However, the ROB problem of included TCMs studies should be noticed. The quality assessment result indicated that no trial with low ROB was included, but all trails were with moderate ROB. Obviously, the relatively high risk of bias, resulting from faulty design of randomization, loss of double blinding, and allocation concealment, as well as the incertitude of patients’ withdrawal, undermined the credibility of the synthesized results of our meta-analysis. McCulloch et al. [39] found that not accounting for ROB would have magnified the evidence of benefit and failed to detect nonsignificance of results. In their research, comparing with those with low ROB, studies with high ROB overestimated the efficacy of Chinese herbal medicines during fluorouracil-based chemotherapy for colorectal cancer by 16% improvement in tumor response (, 95% CI: 1.18–1.63 versus , 95% CI: 0.81–1.79), nearly 2-fold reduction of platelet toxicity (, 95% CI: 0.15–0.84 versus , 95% CI: 0.11–3.92), 2-fold reduction of vomiting toxicity (, 95% CI: 0.33–0.61 versus , 95% CI: 0.48–1.58), and 21% reduction in diarrhea toxicity (, 95% CI: 0.20–0.58 versus , 95% CI: 0.19–1.01). Although the quality of reporting RCTs of TCMs has been enhanced in the past decade, more and more academics realize that the percentage of high quality reports remains low, exacerbating the ROB problem relevant to TCMs trials [3941]. Researchers should take responsibility for making registration of clinical trials [42], paying more attention to experiment design and methodological quality [43], and receiving education to write high quality report, so as to increase the credibility of TCMs studies.

Actually, limitations exist in our meta-analysis. First, we regarded EMBASE, PubMed, and the conference proceeding of ASCO as main sources of eligible studies, but all the included studies comparing BJOEI plus chemotherapy with chemotherapy alone for advanced NSCLC patients were searched in Chinese academic database. Second, double blinding and allocation concealment were not developed and implemented in all studies, incurring potential risks of selection bias and impairing the quality of this meta-analysis. Third, some of the studies which did not mention detailed characteristics of patients’ age and gender distribution might also raise the risk of bias.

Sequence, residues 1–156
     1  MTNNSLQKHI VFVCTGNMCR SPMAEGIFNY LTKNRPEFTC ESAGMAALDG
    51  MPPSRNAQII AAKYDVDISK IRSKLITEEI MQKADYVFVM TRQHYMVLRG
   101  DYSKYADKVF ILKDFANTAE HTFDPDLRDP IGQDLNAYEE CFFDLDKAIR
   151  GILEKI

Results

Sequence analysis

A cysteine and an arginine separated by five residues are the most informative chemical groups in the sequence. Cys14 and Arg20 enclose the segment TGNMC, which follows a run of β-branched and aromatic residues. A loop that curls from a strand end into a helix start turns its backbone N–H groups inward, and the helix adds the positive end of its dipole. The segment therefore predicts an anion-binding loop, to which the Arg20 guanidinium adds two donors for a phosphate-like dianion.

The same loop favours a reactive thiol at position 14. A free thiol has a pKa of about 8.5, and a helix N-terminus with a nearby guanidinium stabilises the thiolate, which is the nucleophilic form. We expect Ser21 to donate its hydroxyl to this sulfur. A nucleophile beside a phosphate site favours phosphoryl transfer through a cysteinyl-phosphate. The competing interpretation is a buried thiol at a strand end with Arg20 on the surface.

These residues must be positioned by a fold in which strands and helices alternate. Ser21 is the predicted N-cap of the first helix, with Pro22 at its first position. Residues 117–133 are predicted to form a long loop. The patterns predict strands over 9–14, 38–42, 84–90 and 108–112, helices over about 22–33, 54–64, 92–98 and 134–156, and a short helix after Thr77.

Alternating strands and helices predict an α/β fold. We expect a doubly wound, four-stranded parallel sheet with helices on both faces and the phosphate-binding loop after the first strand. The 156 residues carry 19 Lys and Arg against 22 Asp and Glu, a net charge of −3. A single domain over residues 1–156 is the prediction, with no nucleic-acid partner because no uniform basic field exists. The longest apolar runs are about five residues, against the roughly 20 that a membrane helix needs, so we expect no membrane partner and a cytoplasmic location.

5. Conclusion

As one of the TCMs, BJOEI has been widely employed in China for many years. In recent year, the clinical practice indicated that the combination of BJOEI and chemotherapy not only improved the ORR and QOL, but also reduced the incidence of adverse events for the advanced NSCLC patients. Our meta-analysis did demonstrate and provide objective evidence to support the efficacy of BJOEI. Given that the quality of included studies is not high and there is a ROB problem in the meta-analysis, the anticancer effect of BJOEI should be further confirmed by higher-quality RCTs.

Competing Interests

The authors declare that there is no conflict of interests regarding the publication of this paper.

Authors’ Contributions

Wei Xu and Xinchan Jiang contributed to the conception and designed the meta-analysis. Wei Xu and Xinchan Jiang collected the data. Wei Xu and Zhengyuan Xu provided the materials/analysis tools. Wei Xu, Xinchan Jiang, and Tong Ye performed the statistical analysis. Wei Xu, Xinchan Jiang, and Qionghua Shi wrote the original thesis. Wei Xu and Xinchan Jiang were responsible for the quality control of the study.

Acknowledgments

This work was funded by the National Natural Science Foundation of China, according to General Program no. 71273278, studies on dynamic financing mechanisms of basic medical insurance system for urban residents in China (http://www.nsfc.gov.cn/publish/portal1/tab131/).

Supplementary Materials

The Preferred Reporting Items for Systematic Reviews and Meta-analysis (PRISMA) 2009 Checklist and information on the reasons why the articles are excluded after full-text reading, respectively.

  1. Supplementary Material

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Copyright © 2016 Wei Xu et al. This is an open access article distributed under the Creative Commons Attribution License, which permits unrestricted use, distribution, and reproduction in any medium, provided the original work is properly cited.